"It was your terrible luck that handed landed us in this mess, Reina, so you're going to get us out of it!"

"Terrible luck that you could rid me of within an instant, yet you refuse to."

"Well, if I were to rid you of your curse, then I'd lose my locus, and our little contract would be broken, now wouldn't it, Reina? And here I believed you to be an honest craftsman."

"Oh that's a load of bol- Just help me push Hina. Please?" I pleaded with her. This was going no where. The delivery was due at the Scarlet Devil Mansion tonight, and it was long road from my home to the village, and then through the woods to the Misty Lake.

"My my, asking a goddess to do such menial work, Reina?"


"Very well, I suppose you'll be unable to fulfill our contract if you fail the delivery. Stand back Miss Roots. I'll use some of the pitiful reserves of faith that still remain to save you from your menial task."

"I-uh-you don't have to go that far!" The cart wasn't into deep, just a single wheel had dug itself into the snowbank. I'd get it out eventually. Hina needed every last bit of faith she had left to keep her health.

"I am the Curse Goddess, Hina Kamigaya! And I've made my choice Miss Roots!" The goddess stood, pointing a finger at me. I felt a gust of wind as magic picked up around us, and the cart lifted itself out of the snow, and gently began to roll ahead. Hey… wait a minute, "and if you wish to keep in my cart, I suggest you catch up!"

"Your cart!?" I shouted, running after my cart. This goddess. She'll be the end of me yet, if my curse didn't end things first.


I've always been unlucky. A curse that had plagued me since the day I was born. Bad luck followed me around like a dark cloud, always there to send everything to Hell at the worst moment. I could do everything right, play the hand perfectly, and yet everything would fall apart at the last moment. The curse of Reina Roots: a carpenter, restorer, all around young woman trying to make her living in a fantasy land. And get laid.

It was six months ago, in the heavy summer heat that I found my self contracted to the Curse Goddess. It was routine job for the Moriya. Sanae needed a dresser fixed and had brought it to me. I'd repair it, bring it back to them, and be payed a monetary sum in the currency of my choosing. On the way back, I stepped out to water the horses at a tributary to the waterfall, and when I returned to my cart, and what do I find? A green haired woman in a frilly dress sitting atop my cart, proclaiming her self to be Curse Goddess of Gensokyo. Specifically, I learned, a goddess who felt that Gensokyo had moved on, and with the few reserves of faith she had left, wished to leave, and start over elsewhere.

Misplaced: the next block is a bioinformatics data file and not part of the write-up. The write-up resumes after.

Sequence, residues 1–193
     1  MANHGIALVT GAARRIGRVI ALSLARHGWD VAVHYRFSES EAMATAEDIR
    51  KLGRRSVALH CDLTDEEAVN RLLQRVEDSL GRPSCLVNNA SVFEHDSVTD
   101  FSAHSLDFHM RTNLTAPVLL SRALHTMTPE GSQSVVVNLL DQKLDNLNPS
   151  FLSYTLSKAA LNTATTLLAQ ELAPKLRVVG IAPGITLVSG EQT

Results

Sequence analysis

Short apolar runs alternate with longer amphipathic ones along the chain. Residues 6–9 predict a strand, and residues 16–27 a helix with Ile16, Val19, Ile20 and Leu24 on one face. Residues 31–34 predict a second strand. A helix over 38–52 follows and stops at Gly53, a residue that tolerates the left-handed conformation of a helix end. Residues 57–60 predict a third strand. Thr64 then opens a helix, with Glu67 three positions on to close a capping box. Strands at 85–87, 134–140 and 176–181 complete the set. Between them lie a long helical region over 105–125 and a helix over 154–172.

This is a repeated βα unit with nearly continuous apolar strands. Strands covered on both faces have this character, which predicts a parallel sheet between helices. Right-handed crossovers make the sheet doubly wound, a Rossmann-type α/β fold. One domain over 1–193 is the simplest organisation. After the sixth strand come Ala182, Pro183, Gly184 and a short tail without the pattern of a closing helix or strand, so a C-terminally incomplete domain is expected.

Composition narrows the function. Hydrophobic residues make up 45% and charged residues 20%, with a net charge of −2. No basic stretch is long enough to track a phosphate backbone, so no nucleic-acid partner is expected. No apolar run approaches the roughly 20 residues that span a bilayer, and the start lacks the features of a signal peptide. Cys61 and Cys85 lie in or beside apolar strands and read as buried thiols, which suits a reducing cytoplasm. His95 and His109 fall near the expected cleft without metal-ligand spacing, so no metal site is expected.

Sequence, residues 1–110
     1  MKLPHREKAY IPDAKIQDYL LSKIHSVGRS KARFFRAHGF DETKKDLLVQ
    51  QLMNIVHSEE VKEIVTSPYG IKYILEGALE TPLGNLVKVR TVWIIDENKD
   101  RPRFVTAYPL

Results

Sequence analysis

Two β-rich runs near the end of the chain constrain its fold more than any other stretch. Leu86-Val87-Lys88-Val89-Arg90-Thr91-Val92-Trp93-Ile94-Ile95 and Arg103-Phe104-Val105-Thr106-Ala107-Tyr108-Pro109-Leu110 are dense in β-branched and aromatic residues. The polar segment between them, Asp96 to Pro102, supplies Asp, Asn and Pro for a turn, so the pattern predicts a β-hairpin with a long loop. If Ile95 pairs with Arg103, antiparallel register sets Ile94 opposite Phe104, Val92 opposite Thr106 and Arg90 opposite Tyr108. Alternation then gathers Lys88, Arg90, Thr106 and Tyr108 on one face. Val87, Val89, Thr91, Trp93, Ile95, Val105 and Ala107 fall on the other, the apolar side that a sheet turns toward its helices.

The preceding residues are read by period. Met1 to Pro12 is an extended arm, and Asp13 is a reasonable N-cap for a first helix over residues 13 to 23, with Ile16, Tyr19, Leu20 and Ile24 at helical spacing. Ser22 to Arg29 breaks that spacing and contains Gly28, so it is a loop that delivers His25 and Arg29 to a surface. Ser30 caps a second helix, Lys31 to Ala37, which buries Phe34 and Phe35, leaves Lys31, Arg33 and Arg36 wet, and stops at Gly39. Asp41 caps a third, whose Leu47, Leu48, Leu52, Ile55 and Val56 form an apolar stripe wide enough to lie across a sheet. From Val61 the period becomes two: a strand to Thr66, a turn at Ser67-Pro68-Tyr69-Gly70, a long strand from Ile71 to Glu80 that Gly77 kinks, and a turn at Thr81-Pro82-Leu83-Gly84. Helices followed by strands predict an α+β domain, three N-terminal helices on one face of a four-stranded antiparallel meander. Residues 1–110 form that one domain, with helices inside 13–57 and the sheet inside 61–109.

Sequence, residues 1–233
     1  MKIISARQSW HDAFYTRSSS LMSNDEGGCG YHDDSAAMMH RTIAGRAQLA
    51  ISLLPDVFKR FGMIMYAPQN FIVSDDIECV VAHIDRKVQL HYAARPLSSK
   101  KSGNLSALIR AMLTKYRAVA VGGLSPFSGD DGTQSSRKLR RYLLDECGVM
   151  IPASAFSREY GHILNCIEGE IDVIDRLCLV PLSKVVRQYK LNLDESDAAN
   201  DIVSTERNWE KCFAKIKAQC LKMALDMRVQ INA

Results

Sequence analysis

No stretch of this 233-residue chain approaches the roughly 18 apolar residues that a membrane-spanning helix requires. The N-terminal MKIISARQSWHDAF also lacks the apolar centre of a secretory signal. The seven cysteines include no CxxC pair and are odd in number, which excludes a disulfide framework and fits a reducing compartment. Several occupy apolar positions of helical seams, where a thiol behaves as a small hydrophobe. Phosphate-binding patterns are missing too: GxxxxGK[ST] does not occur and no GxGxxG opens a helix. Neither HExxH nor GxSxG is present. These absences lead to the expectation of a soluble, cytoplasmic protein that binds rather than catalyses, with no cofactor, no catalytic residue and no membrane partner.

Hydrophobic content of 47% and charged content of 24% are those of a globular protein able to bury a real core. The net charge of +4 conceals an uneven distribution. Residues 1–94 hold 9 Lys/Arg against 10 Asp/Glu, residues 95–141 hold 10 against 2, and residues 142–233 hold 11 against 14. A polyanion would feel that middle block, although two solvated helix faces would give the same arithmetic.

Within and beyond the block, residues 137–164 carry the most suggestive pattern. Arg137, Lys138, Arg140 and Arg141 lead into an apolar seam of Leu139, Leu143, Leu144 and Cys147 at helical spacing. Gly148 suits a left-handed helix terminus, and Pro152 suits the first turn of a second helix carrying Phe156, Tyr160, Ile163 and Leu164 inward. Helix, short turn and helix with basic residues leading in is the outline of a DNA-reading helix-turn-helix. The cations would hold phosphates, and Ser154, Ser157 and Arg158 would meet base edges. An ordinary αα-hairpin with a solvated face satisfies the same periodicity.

"I can only attach myself to locus of extraordinary misfortune. A goddess is tied to her locus, and our influence is limited to its location. To leave Gensokyo, I'd have to leave my shrine, and leave my locus." She explained, "But you. You're special. Your luck is terrible. I can just feel the misfortune hanging around you. A miasma. My ticket out of here, so I'll be traveling with you, got it?"

“And what will you give me in return, Miss Kamigaya?” I asked, “I’m sorry, but helping you would eat up a large amount of time. I have my work, my friends, my life. I can’t set it all aside to help a stranger.” I stuffed away the nervousness that threatened to surface. Standing up and talking down an supposed goddess, it was a regular experience for someone like Reimu, but to me, it seemed so daunting, so unusual.

“Hm…” Hina adopted a thoughtful pose, seemingly thinking it over, “How about this Miss Reina.” The goddess bent over, bringing her face close to my own. I felt blood rush to my cheeks as she whispered to me, “I’ll remove that curse of yours, all of it. Let me give you a show.” She placed a finger on my lips, and I felt something leave me. A small cloud of purple smoke was flowing out of me, wrapping its self around Hina’s finger in a small, tight spiral. I felt oddly light, the feeling was feathery, like liquid confidence was swelling up from deep within. “Tell me.” Hina brought the curse cloud near her, sucking it off her finger. She seemed to be beside herself in good feelings. “Do you feel a bit lucky?”

I’d help her find freedom, and she’d free me in return; this was our contract. Whenever I was going by, I'd take her to the Yakumo's, in the mountains past Mayohiga, and then we’d part ways. A simple job; I'd be done within a week, or so I thought. Soon as I had finished up my last job for the week, Gensokyo was hit with a rainstorm that blocked off all travel in mountains, and so two weeks were lost as I waited for waters to drain away. By then, it was late August and the jobs had begun to come in for the season as villagers needed things repaired or created in time for the festivals. I was stuck in the shop with my tools for most days, and my free time was spent negotiating with suppliers and customers as I attempted to secure funds for the upcoming winter.

Week after week, something stopping me from fulfilling the contract, keeping this lazy goddess in my care, and her draining my funds. Hina would sit in my home, reading my books as I worked in the shop; sipping hot cocoa, using my own powder, while I was talking with Kenshiro about getting the right type of lumber to repair the rocking chair I was fixing; or using my food to prepare extravagant feasts at inappropriate times. It was a nuisance to me.